Letter: Land is already developed

Regarding the plan for more houses in the hills:

I find the announcement (Herald Extra Jan. 24) of more hundreds of houses in the hills above the Campbell Mountain landfill (actually a dump; the land was already ‘filled’) profoundly depressing.

Sendero Canyon is also urban sprawl, but at least that land was already pretty much trashed before houses were built there. The land above the dump is still wild, and, contrary to the arrogant attitude of us humans, it is fully developed and occupied, by a huge variety of plants, mammals, invertebrates, soil organisms, lichens, mosses, and other living beings. Virtually all of these will be destroyed or displaced by housing and with nary a thought to what has been done.

I have news for the developers and the city; there is no such thing as an environmentally friendly road, especially one on which hundreds of vehicles will run 24/7. Roads are death for wild creatures, disrupt travel routes for many, and for some small creatures can completely stop their ability to move through the landscape. Pavement increases the temperature in summer and water flow spring-fall, especially in steep terrain. Roads allow even greater access to the remaining wild lands beyond them for ‘recreation’ including ATV and dirt bikes, which do enormous damage to the land and add to the disruption of wild creatures’ lives.

And in case anyone is inclined to trot out the old chestnut that ‘we have to balance the environment (i.e. everything but us} against human needs (mostly wants)’ here’s a statistic to mull over. 90 per cent of the Earth’s biomass is taken up by humans and our domesticated animals; that leaves 10 per cent for the billions of other species (Harari. Homo Deus, 2016). If this statistic were reversed, we might legitimately talk about balance; at present the argument is merely an excuse to get what we want.

Of course there are lots of human-centred reasons for avoiding this kind of urban sprawl, the main one being climate change. Here, as pretty much elsewhere, serious actions to avoid the worse aspects of climate change are, as the Bard so rightly said about other things, “more honoured in the breach than in the observance.” Allowing urban sprawl is one of the more egregious examples of active inaction. More cars driving up and down to town, more undoubtedly oversized houses requiring all the services along with more confrontations between humans and wild animals in which the latter almost always lose, etc. etc. ad nauseum. Oh, and a single road access to housing that will be in a fire interface zone. The insanity continues.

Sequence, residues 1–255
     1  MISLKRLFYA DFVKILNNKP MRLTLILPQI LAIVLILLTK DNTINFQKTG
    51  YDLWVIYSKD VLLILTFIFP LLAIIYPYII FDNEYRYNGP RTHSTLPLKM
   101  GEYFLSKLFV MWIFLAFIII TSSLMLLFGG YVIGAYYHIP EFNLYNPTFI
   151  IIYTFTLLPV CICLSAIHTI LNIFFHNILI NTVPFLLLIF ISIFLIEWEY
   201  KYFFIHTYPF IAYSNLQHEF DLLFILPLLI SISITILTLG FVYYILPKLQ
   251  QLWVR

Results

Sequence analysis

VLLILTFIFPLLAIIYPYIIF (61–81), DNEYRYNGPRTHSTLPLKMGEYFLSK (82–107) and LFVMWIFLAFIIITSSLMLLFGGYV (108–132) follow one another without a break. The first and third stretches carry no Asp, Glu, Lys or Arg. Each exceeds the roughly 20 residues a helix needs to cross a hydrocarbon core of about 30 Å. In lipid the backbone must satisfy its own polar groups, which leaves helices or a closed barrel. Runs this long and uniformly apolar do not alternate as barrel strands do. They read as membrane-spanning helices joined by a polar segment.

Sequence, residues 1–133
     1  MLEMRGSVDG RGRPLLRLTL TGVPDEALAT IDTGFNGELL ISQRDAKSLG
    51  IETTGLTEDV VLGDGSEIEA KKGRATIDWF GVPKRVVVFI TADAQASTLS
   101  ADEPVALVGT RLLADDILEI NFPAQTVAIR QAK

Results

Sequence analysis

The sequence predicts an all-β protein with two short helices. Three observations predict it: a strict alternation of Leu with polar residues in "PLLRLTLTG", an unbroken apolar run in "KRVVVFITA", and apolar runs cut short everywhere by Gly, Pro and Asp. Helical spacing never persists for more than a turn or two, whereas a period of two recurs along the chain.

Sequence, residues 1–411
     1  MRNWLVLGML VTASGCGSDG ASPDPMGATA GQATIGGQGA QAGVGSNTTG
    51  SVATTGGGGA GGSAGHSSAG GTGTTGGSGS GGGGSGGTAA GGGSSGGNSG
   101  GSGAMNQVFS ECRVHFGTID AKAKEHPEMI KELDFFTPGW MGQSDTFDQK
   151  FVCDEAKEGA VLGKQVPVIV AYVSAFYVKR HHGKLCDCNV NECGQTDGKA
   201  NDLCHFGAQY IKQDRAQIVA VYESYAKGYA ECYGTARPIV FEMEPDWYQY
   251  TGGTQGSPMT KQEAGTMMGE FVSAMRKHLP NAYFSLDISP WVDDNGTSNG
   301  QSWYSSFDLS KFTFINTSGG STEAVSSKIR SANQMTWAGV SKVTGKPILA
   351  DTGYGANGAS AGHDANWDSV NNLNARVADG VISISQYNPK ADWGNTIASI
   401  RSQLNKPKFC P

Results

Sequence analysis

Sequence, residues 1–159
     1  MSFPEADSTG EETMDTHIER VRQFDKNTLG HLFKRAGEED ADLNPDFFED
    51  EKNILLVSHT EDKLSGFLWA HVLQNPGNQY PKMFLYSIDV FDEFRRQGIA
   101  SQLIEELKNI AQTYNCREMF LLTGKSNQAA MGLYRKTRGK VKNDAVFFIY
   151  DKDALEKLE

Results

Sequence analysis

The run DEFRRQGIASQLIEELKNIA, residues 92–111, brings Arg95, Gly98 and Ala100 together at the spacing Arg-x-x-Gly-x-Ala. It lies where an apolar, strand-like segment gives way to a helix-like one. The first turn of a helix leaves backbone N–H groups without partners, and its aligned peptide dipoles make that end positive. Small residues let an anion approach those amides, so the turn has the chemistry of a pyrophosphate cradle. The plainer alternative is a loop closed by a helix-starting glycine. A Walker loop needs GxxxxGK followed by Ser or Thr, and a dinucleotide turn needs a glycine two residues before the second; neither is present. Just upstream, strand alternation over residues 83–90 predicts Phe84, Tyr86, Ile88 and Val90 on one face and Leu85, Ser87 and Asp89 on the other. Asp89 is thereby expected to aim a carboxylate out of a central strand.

Eva Durance

Penticton

Just Posted

A campaign encourages families to put down their phones and talk this Mother’s Day

OpenTable’s #DiningMode gets Okanagan restaurants on board with a no phone policy while dining

Okanagan experience for the Blue Man Group

The world tour of the Blue Man Group came to Penticton this week for two shows.

Olympian Andi Naude retires from freestyle skiing

Penticton native skied in 62 World Cup single and dual moguls events in her career

Federal funding helps women at risk safely leave sex trade

The SAFE eXiting from the Sex Trade program in South Okanagan helps women

Syrup commercially produced from Summerland maple trees

Maple Roch produces 50 bottles of syrup after trees in the community were tapped

VIDEO: Driver in bizarre hit-and-run at B.C. car dealership turns herself in

Police believe alcohol was a factor in incident causing estimated $15,000 in damages

‘B.C. cannot wait for action’: Top doctor urges province to decriminalize illicit drugs

Dr. Bonnie Henry says current approach in ‘war on drugs’ has criminalized and stigmatized drug users

B.C. woman, 76, challenges alcohol-screening laws after failing to give breath sample

Norma McLeod was unable to provide a sample because of her medical conditions

New report on 2017 wildfires calls for better coordination with B.C. First Nations

Tsilhqot’in National Government documents 2017 disaster and lists 33 calls to action

Okanagan experience for the Blue Man Group

The world tour of the Blue Man Group came to Penticton this week for two shows.

B.C. youth coach banned amid sexual harassment, bullying scandal: Water Polo Canada

Justin Mitchell can’t take part in Water Polo Canada events or clubs

Wilson-Raybould: Feds want to just ‘manage the problem’ of Indigenous Peoples

Former federal justice minister speaks at First Nations Justice Council meeting in B.C.

Okanagan College names new fundraising director

Helen Jackman will join the college as executive director of the Okanagan College Foundation and director of advancement

Most Read